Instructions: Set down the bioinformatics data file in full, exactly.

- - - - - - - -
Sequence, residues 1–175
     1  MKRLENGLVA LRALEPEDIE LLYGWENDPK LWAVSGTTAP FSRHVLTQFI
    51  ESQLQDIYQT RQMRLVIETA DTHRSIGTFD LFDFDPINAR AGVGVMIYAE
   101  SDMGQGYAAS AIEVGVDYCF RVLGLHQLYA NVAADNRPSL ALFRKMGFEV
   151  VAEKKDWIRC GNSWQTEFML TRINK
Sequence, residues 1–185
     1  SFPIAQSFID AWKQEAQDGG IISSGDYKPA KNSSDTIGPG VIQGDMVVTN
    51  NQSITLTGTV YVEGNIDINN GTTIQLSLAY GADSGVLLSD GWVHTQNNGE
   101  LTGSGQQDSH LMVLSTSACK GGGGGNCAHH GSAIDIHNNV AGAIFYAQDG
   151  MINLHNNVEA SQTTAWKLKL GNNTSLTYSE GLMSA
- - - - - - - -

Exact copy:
Sequence, residues 1–175
     1  MKRLENGLVA LRALEPEDIE LLYGWENDPK LWAVSGTTAP FSRHVLTQFI
    51  ESQLQDIYQT RQMRLVIETA DTHRSIGTFD LFDFDPINAR AGVGVMIYAE
   101  SDMGQGYAAS AIEVGVDYCF RVLGLHQLYA NVAADNRPSL ALFRKMGFEV
   151  VAEKKDWIRC GNSWQTEFML TRINK
Sequence, residues 1–185
     1  SFPIAQSFID AWKQEAQDGG IISSGDYKPA KNSSDTIGPG VIQGDMVVTN
    51  NQSITLTGTV YVEGNIDINN GTTIQLSLAY GADSGVLLSD GWVHTQNNGE
   101  LTGSGQQDSH LMVLSTSACK GGGGGNCAHH GSAIDIHNNV AGAIFYAQDG
   151  MINLHNNVEA SQTTAWKLKL GNNTSLTYSE GLMSA